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“Zero-click searches …. have been on a steady rise for years, and I don’t expect that to reverse or plateau anytime soon,” Rand Fishkin, founder of SparkToro, commented on the updated findings of his Google clickstream data study, released Tuesday. The updated data provided by Jumpshot found that in June, for the first time, the majority of Google searches (50.33%) ended without a click on an organic or paid search result.
A steady, upward trend. In a look at how much of Google’s search traffic is left for anyone other than Google itself, Fishkin’s initial study, published earlier this summer, found that 49% of searches in the first quarter of 2019 were zero-click, up from 43.9% in the first quarter of 2016. He noted that the majority of zero-click and paid search growth happened on mobile, where overall search volume is highest.
The update includes data from the second quarter of 2019, in which 49.76% of Google searches ended without a click. In June, that figure surpassed 50%, meaning that the majority of Google searches ended right on the search results page, without the user clicking through to any results.
Anti-competitive behavior? The study estimates that 94% of all U.S. searches occur on a Google property (including Images, YouTube and Maps). “That makes them a clear monopoly in search,” wrote Fishkin, who will be discussing these trends in a keynote address at SMX East on November 13 in New York City.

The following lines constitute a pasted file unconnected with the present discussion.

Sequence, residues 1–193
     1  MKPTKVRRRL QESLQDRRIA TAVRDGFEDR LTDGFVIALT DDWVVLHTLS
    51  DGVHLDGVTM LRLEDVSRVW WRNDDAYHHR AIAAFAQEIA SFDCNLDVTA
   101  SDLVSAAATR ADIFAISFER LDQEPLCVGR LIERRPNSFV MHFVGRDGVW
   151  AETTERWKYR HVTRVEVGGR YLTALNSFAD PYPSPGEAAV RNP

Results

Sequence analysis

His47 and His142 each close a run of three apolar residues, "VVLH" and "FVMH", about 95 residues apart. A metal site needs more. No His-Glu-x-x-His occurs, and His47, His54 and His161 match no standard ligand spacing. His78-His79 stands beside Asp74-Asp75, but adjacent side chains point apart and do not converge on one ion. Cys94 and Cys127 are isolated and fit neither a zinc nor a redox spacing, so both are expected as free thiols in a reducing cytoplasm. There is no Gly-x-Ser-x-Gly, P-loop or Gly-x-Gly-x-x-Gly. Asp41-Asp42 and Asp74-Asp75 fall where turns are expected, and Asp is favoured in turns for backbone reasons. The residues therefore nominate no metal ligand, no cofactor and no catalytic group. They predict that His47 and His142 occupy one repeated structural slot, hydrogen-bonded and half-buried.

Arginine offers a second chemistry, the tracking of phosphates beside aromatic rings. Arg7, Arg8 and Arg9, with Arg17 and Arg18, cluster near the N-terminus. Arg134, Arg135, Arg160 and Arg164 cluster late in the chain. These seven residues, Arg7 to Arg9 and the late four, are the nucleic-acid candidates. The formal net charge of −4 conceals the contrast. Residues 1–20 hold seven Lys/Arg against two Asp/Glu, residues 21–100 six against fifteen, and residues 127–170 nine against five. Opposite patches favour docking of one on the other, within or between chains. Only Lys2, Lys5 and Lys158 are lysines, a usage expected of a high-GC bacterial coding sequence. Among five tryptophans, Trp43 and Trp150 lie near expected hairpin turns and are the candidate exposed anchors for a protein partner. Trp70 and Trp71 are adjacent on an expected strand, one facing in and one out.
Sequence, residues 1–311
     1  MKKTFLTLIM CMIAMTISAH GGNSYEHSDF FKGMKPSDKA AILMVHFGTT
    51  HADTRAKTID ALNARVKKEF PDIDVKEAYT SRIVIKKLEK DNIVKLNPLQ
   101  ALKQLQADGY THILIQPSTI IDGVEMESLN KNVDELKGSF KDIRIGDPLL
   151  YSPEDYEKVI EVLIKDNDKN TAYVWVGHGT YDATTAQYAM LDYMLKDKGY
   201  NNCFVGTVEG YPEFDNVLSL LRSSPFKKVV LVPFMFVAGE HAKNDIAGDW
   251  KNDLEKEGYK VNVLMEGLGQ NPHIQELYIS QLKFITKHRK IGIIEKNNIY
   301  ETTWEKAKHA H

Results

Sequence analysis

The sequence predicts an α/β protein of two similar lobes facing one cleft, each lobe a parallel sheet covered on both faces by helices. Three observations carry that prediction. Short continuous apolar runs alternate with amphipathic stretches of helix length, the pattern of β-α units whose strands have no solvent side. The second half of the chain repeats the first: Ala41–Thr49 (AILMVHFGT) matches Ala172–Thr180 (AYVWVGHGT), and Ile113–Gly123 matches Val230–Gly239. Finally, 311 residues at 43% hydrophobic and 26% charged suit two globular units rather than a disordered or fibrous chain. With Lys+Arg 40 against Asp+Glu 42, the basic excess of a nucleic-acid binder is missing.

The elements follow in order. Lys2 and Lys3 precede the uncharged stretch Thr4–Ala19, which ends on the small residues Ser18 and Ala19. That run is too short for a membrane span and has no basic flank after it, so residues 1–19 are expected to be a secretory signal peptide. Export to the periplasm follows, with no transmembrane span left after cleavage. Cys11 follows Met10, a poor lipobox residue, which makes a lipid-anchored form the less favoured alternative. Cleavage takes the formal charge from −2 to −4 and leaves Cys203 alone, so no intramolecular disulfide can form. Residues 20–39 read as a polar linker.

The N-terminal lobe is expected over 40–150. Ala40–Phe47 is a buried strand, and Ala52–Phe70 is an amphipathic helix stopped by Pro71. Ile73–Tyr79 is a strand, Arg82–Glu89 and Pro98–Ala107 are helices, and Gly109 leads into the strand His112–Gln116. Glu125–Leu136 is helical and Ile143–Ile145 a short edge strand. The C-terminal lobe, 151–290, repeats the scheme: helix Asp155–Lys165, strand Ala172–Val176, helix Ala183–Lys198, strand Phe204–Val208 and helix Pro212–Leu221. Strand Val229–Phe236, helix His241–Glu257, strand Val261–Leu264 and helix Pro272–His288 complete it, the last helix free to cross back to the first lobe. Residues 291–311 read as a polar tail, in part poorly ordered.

While more Google searches than ever end without a click, Google has continued to send a relatively consistent portion of searchers to other Alphabet-owned properties.
What about paid search? “I think paid search CTR will probably decline over the next few months,” Fishkin told Search Engine Land Wednesday. “That’s because historically, each time Google changes how paid ads appear in the search results (like the late May shift to the black ‘Ad’ labels in mobile SERPs), ad CTR rises, then slowly declines as more searchers get familiar with the ad format and develop ad blindness.”
As searchers get wise to paid ads, we may see more clicks to organic results, said Fishkin. Then again, Google may also create new ways to get searchers to click on ads.
Zero-click searches don’t necessarily mean zero opportunity. “The big goals of advertising have always been to create awareness, increase exposure, and share information,” Fishkin said, pointing out the opportunities that are still available for SEOs.
“Rich information appearing in Google’s results may be, like billboard ads or press mentions, harder to track than website traffic, but it’s still exposing your brand name to an audience, building familiarity, and sharing information. In my opinion, the brands that find ways to benefit from that type of SERP exposure, even without a click, will be the ones who win at this new form of on-SERP SEO.”
Why we should care. The proportion of zero-click searches has increased over the years, and the more searches that end without users clicking through to a page, the less traffic